Ripon - looks forward to a busy and prosperous year

PUBLISHED: 15:57 13 February 2012 | UPDATED: 21:02 20 February 2013

Ripon - looks forward to a busy and prosperous year

Ripon - looks forward to a busy and prosperous year

One of the smallest cathedral cities in the country looks forward to a busy and prosperous year as Emma Alsop reports while photographer Joan Russell makes the most of market day

The welcome sign urges visitors to stay awhile amid its ancient charms but there is more to the cathedral city of Ripon in North Yorkshire than its history. Its civic leaders and the community generally readily look to the future.

The city is preparing many events throughout this year that will not only attract visitors but also bring together the local community and boost its economy. We are delighted to have the Olympic torch coming through the city, the whole community will be there to support it, said Judith Donovan, who heads up the Greater Ripon Improvement Partnership, an organisation which works alongside the council and local businesses to encourage new investment and prosperity for the area.

The city, the fourth smallest in the country, will also be coming together to celebrate the Queens Diamond Jubilee in June when the cathedral plans to hold a flower festival and thanksgiving service. The market square will close to traffic on June 4th and become a centre for celebration which will include street entertainment and fair ground rides.

The town hall which overlooks the market square will be covered with Union Jack flags. Everyone will be welcome to join in the celebrations, local people and visitors alike.

Judith Donovan is confident about the citys future. She said: There is no doubt that tourists will continue to come to Ripon because we have a World Heritage site just outside the city, first class museums and a beautiful market place. We also have fabulous shops and the local people are lovely.

The Fountains Abbey World Heritage Site run by the National Trust on Ripons doorstep has among the finest monastic ruins in Europe as well as celebrated gardens, a lake, temples and a deer park. Not far away is Ripon Racecourse, established in 1664 and one of Yorkshires most celebrated racecourses which recently reclaimed the Small Racecourse of the North award.

The rivers Ure, Skell and Laver flow through Ripon from the Yorkshire Dales and a canal basin has been developed which attracts narrow boats exploring Yorkshires extensive canal system.

The Ure is the now the centre of a drive to return it to its former position as a major salmon river which will not only help fishermen but also promises to give a lift to the local economy. The recently formed Ure Salmon Trust, as reported in Januarys Yorkshire Life, believes a fully established fishery would bring at least 20 new jobs on the river alone through the need for ghillies to maintain the banks and assist fishermen.

Ripon Cathedral also has its part to play in improving the citys economy. It brought in over 90,000 visitors last year and the number continues to grow, said Margaret Hammond, Ripon Cathedral Development Campaign manager.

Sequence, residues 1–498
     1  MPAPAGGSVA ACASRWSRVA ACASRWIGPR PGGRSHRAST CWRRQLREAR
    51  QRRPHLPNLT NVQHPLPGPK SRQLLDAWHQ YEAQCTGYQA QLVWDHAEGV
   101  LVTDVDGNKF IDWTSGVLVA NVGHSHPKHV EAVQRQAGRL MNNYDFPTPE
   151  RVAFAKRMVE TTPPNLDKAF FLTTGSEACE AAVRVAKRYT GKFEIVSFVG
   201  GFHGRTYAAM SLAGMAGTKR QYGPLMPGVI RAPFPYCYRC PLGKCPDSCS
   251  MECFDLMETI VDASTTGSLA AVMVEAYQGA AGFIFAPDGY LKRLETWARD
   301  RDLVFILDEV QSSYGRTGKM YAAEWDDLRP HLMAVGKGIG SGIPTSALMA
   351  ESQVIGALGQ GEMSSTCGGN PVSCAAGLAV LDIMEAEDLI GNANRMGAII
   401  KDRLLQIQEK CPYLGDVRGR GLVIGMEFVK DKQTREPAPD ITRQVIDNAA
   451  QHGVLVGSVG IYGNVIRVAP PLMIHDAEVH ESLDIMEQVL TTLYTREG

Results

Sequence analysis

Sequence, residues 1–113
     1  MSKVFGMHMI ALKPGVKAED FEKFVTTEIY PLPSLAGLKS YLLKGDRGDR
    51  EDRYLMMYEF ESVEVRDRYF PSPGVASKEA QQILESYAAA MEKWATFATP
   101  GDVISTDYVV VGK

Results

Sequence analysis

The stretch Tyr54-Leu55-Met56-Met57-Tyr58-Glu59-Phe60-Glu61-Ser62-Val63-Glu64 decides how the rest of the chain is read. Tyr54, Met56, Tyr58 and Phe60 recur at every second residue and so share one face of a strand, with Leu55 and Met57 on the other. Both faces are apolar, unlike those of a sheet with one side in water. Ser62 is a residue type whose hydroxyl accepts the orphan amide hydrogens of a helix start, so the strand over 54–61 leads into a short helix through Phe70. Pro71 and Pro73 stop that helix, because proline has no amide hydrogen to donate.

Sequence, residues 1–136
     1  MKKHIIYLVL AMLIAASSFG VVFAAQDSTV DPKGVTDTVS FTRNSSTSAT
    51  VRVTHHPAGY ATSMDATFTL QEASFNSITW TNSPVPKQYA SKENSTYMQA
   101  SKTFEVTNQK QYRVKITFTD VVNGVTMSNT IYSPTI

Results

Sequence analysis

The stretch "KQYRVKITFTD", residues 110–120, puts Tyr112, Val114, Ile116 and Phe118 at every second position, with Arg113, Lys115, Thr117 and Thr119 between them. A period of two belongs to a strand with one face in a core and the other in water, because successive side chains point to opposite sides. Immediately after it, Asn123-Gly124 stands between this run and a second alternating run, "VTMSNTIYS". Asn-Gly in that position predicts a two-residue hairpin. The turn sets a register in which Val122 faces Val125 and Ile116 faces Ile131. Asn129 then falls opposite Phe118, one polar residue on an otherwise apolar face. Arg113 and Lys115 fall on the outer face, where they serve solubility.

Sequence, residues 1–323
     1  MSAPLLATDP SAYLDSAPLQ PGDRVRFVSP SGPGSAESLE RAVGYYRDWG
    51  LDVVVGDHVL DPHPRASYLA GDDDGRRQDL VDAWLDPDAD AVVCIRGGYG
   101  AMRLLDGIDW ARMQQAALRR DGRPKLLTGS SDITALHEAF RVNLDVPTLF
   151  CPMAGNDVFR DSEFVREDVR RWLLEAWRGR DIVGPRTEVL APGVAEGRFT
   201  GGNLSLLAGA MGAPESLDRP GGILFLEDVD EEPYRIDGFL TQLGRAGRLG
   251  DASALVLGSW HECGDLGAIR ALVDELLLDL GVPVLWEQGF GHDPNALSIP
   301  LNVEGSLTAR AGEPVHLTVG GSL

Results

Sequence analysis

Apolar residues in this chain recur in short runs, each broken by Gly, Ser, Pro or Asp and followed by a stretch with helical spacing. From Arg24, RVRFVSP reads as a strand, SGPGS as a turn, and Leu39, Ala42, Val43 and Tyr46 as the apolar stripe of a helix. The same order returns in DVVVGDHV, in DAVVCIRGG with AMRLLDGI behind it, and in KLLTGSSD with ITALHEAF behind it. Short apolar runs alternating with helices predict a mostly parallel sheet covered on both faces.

The campaign aims, through new developments, to encourage not only tourists but people from Ripon and the surrounding areas to make more of the city and its cathedral. We are planning a new glazed entrance to bring more people in. We hope it will create a warmer and brighter welcome, making it more exciting and less scary for those who might feel a little intimidated and feel they cant go in, added Margaret.

Development campaign organisers and supporters last year staged the first wedding fair to be held inside an English cathedral. The pilot scheme raised 2,000 and aims to raise 10,000 during the next one, which is yet to be arranged. More than 2.5 million has been raised since the development campaign was launched 10 years ago. The money has gone towards building and repairing the roof, the central tower, rewiring and relighting inside and outside the cathedral.

They celebrated the campaigns 10th anniversary with the unveiling of a portrait of former high steward of the cathedral, Tom Ramsden, painted by local artist David Page. It was commissioned by Margaret IAnson, a cathedral patron, and shows Tom Ramsden, high steward from 1999-2009, wearing the gown of office and badge of the cathedral. It was presented to him after its unveiling but can be seen in the cathedral library until Easter.


Its also good to know the city is getting to grips with social media. Ripon police are now on Twitter and invite everyone to check their tweets for latest traffic reports and warnings, burglary reports and appeals for information and help to catch offenders.

Getting there: Ripon is close to a stones throw away from the A1, leaving at Junction 50 coming from the North or South.


Where to park:
Free parking in the market square and ample paid parking around the city.


What to do:
Visit the market on Thursdays. The cathedral is open everyday free of charge. Explore nearby World Heritage site Fountains Abbey run by the National Trust.

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